Tha Murray MacLeòid a’ cur fàilte air a’ cho-dhùnadh mu port-fànais ann am Mealanais

Bidh gu leòr a dhaoine a bhios glè thoilichte gu bheil na molaidhean airson port-fànais ann an iar-thuath na Gàidhealtachd air faighinn thairis air cnap-starra gu math cudromach – agus tha e mu dheidhinn barrachd na dè seòrsa buaidh eaconamaigeach a bhios aige air an sgìre.

[English-language version below]

‘S e deuchainn chudromach a bha seo mun a bhith a’ cur fearrainn gu feum, no airson a bhith nas mionaidiche mu dheidhinn, cò aig' a tha a’ chumhachd airson co-dhùnaidhean a dhèanamh air fearrann.

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Tha a’ mhòr-chuid de chroitearan Mhealanais air a shon – ged nach eil a h-uile duine – agus thug Comhairle na Gàidhealtachd cead dealbhachaidh dha agus tha Iomairt na Gàidhealtachd is nan Eilean deiseil airgead a chur ris.

Ach, bha duilgheadas ann an dèidh sin. Chuir an t-uachdran mòr Anders Holch Povlsen, na aghaidh. Chan e uachdran àbhaisteach a tha seo, ma tha a leithid a rud ann. ‘S ann às an Danmhairc a tha e agus e air na billeanan mòr a chosg ann an gnìomhachas an fhasain.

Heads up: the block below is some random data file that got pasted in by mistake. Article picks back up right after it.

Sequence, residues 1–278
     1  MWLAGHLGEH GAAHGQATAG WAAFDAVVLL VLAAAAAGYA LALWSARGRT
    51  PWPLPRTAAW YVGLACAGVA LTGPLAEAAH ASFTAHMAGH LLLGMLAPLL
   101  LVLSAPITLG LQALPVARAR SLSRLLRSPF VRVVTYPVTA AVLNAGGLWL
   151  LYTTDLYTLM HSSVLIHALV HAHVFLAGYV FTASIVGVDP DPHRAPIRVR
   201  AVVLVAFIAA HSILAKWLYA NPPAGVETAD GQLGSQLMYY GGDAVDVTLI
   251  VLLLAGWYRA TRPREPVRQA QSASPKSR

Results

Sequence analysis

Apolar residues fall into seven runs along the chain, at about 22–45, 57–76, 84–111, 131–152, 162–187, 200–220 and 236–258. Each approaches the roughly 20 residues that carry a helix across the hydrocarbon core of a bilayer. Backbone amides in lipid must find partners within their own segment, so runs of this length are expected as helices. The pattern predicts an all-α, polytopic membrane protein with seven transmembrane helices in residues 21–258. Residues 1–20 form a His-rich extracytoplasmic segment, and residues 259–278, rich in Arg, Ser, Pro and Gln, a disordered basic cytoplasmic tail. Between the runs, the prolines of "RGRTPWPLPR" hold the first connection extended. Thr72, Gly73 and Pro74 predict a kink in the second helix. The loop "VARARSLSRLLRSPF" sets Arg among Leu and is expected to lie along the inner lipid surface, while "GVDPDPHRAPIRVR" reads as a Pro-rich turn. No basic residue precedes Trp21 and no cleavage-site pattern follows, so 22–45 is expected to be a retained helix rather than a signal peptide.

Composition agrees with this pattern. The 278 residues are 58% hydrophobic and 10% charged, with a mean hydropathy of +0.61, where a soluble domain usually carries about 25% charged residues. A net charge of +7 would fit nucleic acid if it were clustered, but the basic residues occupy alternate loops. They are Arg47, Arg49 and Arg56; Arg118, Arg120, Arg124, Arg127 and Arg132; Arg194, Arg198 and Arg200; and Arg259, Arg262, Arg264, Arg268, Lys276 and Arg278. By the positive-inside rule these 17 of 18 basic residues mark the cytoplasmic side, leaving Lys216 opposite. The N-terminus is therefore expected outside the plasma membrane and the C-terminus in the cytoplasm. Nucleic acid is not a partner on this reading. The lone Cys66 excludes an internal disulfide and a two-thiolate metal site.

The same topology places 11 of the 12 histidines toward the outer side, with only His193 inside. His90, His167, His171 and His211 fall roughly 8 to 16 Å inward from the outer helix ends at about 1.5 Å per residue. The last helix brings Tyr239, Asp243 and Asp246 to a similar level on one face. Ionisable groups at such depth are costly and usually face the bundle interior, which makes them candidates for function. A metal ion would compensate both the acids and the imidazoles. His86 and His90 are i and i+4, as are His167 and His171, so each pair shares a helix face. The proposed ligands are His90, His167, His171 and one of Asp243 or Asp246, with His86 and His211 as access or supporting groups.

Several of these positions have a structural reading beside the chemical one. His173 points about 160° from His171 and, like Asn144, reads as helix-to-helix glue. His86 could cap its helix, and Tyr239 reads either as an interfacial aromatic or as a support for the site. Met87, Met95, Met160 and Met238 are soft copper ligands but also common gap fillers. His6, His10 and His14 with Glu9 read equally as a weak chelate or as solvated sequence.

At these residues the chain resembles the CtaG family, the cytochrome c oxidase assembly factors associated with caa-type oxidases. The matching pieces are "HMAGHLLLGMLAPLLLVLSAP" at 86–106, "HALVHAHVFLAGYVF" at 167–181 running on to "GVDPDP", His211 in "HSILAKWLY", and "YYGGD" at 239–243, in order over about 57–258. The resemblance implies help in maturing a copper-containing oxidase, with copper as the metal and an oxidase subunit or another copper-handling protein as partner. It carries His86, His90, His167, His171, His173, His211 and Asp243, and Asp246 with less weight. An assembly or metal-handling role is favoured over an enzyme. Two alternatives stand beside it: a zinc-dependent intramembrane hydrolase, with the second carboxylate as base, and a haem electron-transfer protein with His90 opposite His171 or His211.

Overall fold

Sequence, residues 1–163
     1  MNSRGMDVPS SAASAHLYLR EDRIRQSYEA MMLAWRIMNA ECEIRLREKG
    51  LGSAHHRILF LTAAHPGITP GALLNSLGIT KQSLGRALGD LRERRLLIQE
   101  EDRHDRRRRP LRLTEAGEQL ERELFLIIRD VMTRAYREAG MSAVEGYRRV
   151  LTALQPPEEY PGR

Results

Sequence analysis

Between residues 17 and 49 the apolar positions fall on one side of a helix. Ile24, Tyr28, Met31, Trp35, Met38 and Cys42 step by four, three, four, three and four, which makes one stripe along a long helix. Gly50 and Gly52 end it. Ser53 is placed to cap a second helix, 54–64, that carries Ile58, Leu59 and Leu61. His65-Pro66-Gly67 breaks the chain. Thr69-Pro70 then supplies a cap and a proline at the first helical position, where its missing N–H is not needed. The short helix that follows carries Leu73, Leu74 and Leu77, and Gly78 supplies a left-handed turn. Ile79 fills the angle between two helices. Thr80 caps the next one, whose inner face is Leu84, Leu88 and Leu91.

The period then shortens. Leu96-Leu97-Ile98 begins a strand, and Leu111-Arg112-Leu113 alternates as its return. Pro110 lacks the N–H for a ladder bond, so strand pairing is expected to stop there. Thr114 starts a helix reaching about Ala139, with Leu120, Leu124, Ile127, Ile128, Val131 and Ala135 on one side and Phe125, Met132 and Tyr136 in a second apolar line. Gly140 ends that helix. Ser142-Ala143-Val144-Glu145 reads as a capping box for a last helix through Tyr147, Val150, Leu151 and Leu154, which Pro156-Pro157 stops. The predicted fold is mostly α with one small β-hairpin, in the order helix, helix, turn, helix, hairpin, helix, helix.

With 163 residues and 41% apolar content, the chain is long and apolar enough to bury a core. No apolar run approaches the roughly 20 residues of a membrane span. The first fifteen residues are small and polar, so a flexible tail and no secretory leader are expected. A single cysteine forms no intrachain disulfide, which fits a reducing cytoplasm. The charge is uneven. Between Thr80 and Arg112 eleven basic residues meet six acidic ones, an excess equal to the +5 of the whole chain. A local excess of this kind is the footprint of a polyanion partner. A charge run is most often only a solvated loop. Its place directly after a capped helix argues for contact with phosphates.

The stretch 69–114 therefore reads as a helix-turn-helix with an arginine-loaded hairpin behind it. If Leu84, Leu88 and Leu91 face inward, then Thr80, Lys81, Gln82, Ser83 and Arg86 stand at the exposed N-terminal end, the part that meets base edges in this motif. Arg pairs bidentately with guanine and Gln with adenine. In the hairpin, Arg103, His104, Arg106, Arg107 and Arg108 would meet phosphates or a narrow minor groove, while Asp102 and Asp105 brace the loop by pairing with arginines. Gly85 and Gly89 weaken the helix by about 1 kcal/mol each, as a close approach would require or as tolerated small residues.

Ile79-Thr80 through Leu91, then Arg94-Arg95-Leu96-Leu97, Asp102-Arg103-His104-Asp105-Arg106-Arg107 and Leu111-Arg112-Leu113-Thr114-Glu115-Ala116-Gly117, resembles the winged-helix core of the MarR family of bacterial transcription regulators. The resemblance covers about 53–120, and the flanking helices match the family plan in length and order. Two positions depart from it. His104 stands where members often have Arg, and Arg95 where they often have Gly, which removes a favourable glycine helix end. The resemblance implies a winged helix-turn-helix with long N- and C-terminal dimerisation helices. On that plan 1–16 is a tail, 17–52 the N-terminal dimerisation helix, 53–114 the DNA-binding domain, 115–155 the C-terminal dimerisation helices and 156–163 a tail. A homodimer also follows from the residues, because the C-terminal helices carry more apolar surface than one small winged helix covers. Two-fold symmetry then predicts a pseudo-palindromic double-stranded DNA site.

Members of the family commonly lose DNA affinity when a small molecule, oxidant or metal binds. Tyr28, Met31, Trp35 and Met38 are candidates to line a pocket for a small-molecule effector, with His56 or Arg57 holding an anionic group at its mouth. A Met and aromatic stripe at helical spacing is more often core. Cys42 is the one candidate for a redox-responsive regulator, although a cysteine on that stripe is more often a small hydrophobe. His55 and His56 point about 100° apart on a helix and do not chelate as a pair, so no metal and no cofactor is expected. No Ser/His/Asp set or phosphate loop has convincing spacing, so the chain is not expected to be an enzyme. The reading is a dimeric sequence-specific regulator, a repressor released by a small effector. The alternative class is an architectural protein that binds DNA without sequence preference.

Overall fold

‘S e an-diugh an t-uachdran as motha ann an Alba, le 220,000 acaire fo stiùir, thairis 12 oighreachd. Tha sin ga dheànamh nas cumhachdaiche na Diùc Buccleuch e fhèin.

Dha daoine aig nach eil fios, tha Povlsen na phàirt mhòr den ghluasad son ath-fhiadhachadh – beathaichean fiadhaich a chur air ais air an fhearran agus leigeil dha nàdar rud a thogras i a dhèanamh.

The eas-aonta am measg eòlaichean air dè cho ciallach ‘s a tha seo, ach rud a tha cinnteach mu dheidhinn, ‘s e nach bi cus àite aig mac an duine ann – ‘s dòcha dìreach duine no dhithis a’ tighinn air saor-làithean airson dealbhan a thogail, ach gu deimhinne cha bhi dha coimhearsnachdan airson beò-shlàint a dhèanamh.

Chuir Povlsen, tron chompanaidh aige Wildland, an aghaidh a' chead dhealbhachaidh agus às dèidh sin, chaidh e gu Cùirt an Fhearainn agus e ag ràdh gu deànadh am pròiseact cron air fearran a tha fo dhìon.

Ann an co-dhùnadh Dimàirt, thuirt am Morair Minginis gum bu chòir am port-fànais a leigeil air adhart leis gu bheil e cudromach dhan phoball agus gu bheil an làrach freagarrach, agus an luchd-leasachaidh air a thighinn gu aonta leis na croitearan.